- The Washington Times - Friday, July 6, 2007


F-16s force plane to land

OCEANSIDE — Air Force F-16 fighters forced a small plane experiencing engine trouble to land after the pilot did not respond to radio calls.

The Cessna was spotted by U.S. Customs and Border Protection (CBP) radar operators on Wednesday about 15 miles across the U.S.-Mexico border. Operators at the Air and Marine Operations center in Riverside watched as the plane turned around and began heading north, prompting the scrambling of the F-16s.

“Once it crossed the border, it became a national-security incident,” CBP spokesman Juan Munoz Torres said.

When the plane landed at a municipal airport, it was met by Oceanside police, San Diego County sheriff’s deputies, CBP agents and a drug-sniffing dog.

The plane’s three male occupants were U.S. citizens whose plane had developed engine and communication problems, Mr. Torres said. By early evening, officials had confirmed the story and the three were released.


Man charged in 1986 slaying

DEERFIELD BEACH — More than 20 years after a woman was found strangled in a roadway, a high-school classmate who had served time for killing a pregnant teen has been charged with the woman’s murder.

Gary Troutman was ordered held without bail Wednesday in connection with the March 1986 death of Angela Savage, the Broward County Sheriff’s Office said.

The sheriff’s office declined to say Wednesday how it linked Troutman to Miss Savage’s death. Troutman, 45, recently served nine years in prison for the murder of a pregnant teen in February 1986.


4-year-old found as 911 prankster

CARPENTERSVILLE — Authorities tracked down a 4-year-old girl who called 911 nearly 300 times last month by offering to deliver McDonald’s to her suburban Chicago apartment.

Unbeknownst to her mother, the girl used a deactivated cell phone to call dispatchers 287 times in June — sometimes as often as 20 times a shift.

“We talked with her and we convinced her if she told us where she lives, we would bring her McDonald’s,” said Steve Cordes, executive director of QuadCom’s emergency center, which covers Carpentersville. “She finally gave us her address. So we sent the police over — with no McDonald’s.”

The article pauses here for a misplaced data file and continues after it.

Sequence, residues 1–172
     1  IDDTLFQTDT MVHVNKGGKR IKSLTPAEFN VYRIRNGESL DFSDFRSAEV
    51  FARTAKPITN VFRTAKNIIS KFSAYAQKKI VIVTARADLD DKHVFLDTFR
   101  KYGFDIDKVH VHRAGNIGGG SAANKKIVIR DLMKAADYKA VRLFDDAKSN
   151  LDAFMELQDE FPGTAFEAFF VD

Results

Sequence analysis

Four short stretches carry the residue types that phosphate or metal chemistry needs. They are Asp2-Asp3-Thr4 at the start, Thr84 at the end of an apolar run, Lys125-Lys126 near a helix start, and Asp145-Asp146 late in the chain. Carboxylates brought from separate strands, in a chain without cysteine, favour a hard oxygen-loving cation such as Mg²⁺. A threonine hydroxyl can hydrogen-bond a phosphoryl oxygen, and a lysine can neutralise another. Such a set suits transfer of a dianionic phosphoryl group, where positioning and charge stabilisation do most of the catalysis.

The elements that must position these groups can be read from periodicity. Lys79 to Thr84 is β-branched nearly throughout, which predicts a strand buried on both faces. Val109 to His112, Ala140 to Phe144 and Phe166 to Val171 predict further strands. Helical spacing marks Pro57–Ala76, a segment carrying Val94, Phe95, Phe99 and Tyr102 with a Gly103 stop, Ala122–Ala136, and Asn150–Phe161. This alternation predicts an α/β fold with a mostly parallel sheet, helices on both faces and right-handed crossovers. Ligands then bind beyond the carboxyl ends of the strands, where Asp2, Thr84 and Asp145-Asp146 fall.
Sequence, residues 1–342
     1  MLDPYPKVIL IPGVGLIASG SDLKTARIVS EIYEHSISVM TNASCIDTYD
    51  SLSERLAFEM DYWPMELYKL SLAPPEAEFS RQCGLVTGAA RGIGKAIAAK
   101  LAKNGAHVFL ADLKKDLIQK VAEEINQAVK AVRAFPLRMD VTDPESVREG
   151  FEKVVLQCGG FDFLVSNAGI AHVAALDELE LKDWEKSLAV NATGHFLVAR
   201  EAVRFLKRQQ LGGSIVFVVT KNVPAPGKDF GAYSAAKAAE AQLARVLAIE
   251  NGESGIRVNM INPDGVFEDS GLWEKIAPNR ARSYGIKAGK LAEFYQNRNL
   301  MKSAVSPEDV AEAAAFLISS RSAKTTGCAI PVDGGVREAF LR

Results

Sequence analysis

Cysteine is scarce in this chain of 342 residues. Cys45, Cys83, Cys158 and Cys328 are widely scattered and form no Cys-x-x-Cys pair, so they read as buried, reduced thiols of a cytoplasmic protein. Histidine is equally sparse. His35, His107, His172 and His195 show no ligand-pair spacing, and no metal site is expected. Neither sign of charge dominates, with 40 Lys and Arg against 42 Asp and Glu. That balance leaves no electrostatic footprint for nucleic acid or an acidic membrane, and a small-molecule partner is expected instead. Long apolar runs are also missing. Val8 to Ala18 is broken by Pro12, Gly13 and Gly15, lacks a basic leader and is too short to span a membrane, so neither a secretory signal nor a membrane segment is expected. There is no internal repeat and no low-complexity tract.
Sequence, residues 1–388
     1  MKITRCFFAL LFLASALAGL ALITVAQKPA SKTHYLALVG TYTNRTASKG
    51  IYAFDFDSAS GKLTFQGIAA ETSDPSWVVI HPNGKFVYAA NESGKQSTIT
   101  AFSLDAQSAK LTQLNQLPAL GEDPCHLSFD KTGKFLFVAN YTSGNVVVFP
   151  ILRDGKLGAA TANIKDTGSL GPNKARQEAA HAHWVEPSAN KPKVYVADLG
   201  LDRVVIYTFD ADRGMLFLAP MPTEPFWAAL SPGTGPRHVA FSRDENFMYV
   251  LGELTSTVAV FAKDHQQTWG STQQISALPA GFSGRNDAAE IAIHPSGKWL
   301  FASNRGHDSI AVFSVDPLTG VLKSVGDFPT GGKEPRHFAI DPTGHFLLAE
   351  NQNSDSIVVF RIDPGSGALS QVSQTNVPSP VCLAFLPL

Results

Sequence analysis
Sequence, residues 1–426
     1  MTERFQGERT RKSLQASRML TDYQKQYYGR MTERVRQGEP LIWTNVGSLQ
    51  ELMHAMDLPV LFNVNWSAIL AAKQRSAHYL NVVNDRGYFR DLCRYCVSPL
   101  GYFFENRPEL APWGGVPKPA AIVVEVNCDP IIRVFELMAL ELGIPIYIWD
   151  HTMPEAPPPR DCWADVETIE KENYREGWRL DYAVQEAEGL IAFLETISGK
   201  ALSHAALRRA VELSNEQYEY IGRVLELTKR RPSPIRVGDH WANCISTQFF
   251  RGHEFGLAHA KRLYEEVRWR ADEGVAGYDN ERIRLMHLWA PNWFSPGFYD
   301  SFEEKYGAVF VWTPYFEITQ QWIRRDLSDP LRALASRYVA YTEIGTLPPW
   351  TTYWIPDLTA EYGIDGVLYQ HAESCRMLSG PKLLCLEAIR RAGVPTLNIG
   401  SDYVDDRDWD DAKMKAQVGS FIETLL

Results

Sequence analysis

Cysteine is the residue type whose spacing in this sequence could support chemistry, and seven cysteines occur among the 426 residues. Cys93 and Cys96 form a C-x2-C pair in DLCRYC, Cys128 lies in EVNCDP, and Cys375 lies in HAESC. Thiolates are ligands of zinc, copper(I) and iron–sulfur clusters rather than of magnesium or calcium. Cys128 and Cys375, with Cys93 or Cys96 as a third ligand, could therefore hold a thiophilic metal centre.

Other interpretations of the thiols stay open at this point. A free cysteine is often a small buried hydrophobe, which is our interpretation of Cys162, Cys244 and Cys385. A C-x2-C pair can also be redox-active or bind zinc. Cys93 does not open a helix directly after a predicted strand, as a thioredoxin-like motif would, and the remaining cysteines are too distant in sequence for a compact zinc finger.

After police arrived, the girl’s mother took away the phone, Mr. Cordes said. Under federal law, deactivated cell phones still must be able to access 911.


Tornado reveals time capsule

GREENSBURG — A time capsule found in the wreckage of tornado-ravaged Greensburg High School documented the town’s past through 70-year-old newspapers and membership lists from a church, a band and the American Legion post.

Two 1937 graduates of the school, Ruth West and Elgeva Kerr, opened the small copper box during the town’s July Fourth festivities.

The capsule apparently was forgotten until workers discovered it while clearing away the debris left by the May 4 tornado that destroyed more than 90 percent of the tiny south-central Kansas town of 1,400 residents.

Among other things, the capsule contained membership lists for the 1937 school board, an American Legion post, the Masonic Lodge, the Methodist Church and a band that played at that year’s Kansas State Fair. It also held copies of the Kiowa County Progressive Signal and the Greensburg News.


Suspect tells press he needed money

SOUTH PARIS — A man suspected in the deaths of three persons at a New Hampshire outdoors equipment store told reporters outside court yesterday that he did it because he “needed the money.”

Michael Woodbury spoke to reporters as he was being led across a parking lot from the Oxford County jail to the courthouse to be arraigned as a fugitive from justice.